‘Generally, the building is not disability friendly. When the student comes here, people have to carry her to the examination centre and sometimes we have to make special provision for her to write her exam on the ground floor.’

Library and IT services

Victoria hardly went to the library. She had been to the main university library only once over the period of her stay in the university, and it was for registration purposes in her first year. On that occasion, she had to be carried. The place was not accessible, especially to those with mobility challenges due to the nature of the building design and the lack of appropriate facilities like lifts. Most materials for research were on the upper floors. The two main areas for IT were also on an upper floor and for that matter, Victoria was technically debarred from accessing those e-resources.

Administrative Services

Most of the administrative services or activities that Victoria had to perform, like seeing the Head of Department or staff at the administration, were handled by her parents or her friends because of the upper floor locations and inaccessible designs. This was to reduce stress, time and possible risks. However, there were some situations like biometric registration that she had to manage, strain herself and do on her own because there was no special concession for her.

Residential accommodation

Through the intervention of one of her lecturers after some years at the university, Victoria’s challenges were presented to the officer responsible for students’ affairs who was hitherto oblivious of the state of affairs. He was very empathetic and immediately took it upon himself to assist. In the absence of a policy document on reasonable accommodation in the university, he offered her and her mother accommodation in a students’ hostel on the campus. Aside from the offer of accommodation, the officer responsible for students’ affairs also placed his official office vehicle at the disposal of Victoria so that it could help ease some of the movement challenges on the campus. Nevertheless, the architect had this to say,

‘Our residential facilities on campus are so bad that I cannot figure out any residential facility that can accommodate a person with her type of disability. But then she [Victoria] had to resort to it [hostel].’

Sanitary accommodation

The sanitary facilities at the hostel and the faculty were not user-friendly. Victoria could not use any of the sanitary facilities in the lecture halls. They were generally not designed with the student with disability in mind. This was reiterated by the architect:

‘Even in her [Victoria’s] room, the sanitary facilities are unfriendly. She is not able to use any of them on her own. She virtually has to be assisted before she can use it. All these could easily have been solved if the architect had thought through the needs of the person with disability. Assistive devices like grab rails should have been provided to help her to manoeuvre on her own in the washroom.’

By implication, Victoria’s privacy, which is her right, is affected because of the inaccessible design of the sanitary facilities.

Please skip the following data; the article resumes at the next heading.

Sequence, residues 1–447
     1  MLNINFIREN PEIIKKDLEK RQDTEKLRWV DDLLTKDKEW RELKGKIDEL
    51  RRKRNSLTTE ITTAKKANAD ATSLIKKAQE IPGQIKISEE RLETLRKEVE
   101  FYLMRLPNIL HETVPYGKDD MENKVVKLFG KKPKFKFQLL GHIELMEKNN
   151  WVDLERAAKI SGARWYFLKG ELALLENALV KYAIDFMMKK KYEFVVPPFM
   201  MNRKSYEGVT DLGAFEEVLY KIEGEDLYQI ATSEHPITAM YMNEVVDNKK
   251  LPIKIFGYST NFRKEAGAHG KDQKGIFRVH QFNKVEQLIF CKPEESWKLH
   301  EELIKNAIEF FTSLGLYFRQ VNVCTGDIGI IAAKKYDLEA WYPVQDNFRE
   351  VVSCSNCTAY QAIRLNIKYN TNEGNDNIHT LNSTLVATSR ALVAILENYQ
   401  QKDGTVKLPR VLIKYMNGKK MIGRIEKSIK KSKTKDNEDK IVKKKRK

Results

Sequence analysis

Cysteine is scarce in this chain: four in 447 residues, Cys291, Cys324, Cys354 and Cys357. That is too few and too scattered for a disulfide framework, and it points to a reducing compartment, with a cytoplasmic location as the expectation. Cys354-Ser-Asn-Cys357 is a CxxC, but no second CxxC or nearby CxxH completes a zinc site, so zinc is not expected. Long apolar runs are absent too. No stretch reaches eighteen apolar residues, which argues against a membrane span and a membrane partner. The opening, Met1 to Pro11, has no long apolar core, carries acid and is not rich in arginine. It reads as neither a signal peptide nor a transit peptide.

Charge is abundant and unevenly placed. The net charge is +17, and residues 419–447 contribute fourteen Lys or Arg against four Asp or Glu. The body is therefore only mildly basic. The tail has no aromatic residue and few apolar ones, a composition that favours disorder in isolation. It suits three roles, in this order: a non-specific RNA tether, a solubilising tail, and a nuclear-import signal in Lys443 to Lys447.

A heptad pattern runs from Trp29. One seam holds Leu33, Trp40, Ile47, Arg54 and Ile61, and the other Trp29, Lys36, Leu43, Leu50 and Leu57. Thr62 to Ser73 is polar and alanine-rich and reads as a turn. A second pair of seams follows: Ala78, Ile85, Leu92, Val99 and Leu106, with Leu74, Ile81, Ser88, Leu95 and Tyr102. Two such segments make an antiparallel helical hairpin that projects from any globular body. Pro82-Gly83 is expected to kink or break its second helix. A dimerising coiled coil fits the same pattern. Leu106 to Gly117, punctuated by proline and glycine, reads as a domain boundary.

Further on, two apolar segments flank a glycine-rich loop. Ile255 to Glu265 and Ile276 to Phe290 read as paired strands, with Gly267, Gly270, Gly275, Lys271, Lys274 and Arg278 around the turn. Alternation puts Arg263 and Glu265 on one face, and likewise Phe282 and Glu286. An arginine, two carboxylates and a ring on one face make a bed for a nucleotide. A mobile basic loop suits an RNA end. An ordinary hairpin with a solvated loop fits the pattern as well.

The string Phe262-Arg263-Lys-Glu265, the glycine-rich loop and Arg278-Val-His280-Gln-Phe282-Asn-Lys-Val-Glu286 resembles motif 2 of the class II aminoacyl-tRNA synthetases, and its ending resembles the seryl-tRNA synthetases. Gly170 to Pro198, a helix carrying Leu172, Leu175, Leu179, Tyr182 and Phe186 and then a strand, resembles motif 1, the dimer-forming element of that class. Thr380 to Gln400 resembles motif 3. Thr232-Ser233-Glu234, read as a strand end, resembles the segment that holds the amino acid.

Achieving her goals in life

Victoria said the nature of the built environment should have been better to grant her the needed satisfaction in the pursuit of her aims in the school. She added that when she was at the senior high school, she read books that informed her that in the universities, special provisions were there for students with disabilities.

‘I came here and it was very disappointing because there was nothing like that here. So, I had to go home and come back every day.’

Victoria suggested that,

‘The University authorities should make certain provisions for us. I think elevators should be one of them because it is very difficult moving from the stairs down and it is very dangerous. It’s been very challenging moving from one place to the other. So, if they make provisions like elevators, disability-friendly pavements, sidewalks and accommodation, we would be really grateful. We will also be grateful if we can be assisted with respect to accessible accommodation and financial support.’

Themes for meeting unique needs

The MAXQDA software analysis unearthed six themes which can help in policy development regarding the provision of reasonable accommodation to a student like Victoria. These were: Assistive, Study, Locational, Accommodation, Transport and Financial Support mechanisms. From Figure 1, almost all of the interviewees (90.91%) identified mechanisms that will influence the location of various activities in the university as very critical in terms of meeting peculiar needs of a student with disability. Coming next after locational mechanisms were transport mechanisms (81.82%). These relate to policies that will promote equal access to all parts of the university campus which are accessed by other students. With 72.73% of the respondents, accommodation mechanisms were the next crucial issue to their stay on campus. These relate to the provision of accessible residential accommodation with the appropriate design and conditions.

Figure 1 

Themes for Reasonable Accommodation.

Other areas that need to be factored into a policy on reasonable accommodation are the provision of assistive mechanisms, study mechanisms and financial support mechanisms. Assistive mechanisms refer to gadgets or facilities that will be needed to enhance her movement and other activities. Study mechanisms have to do with support systems for her studies, while financial support mechanisms refer to various means of assisting her financially.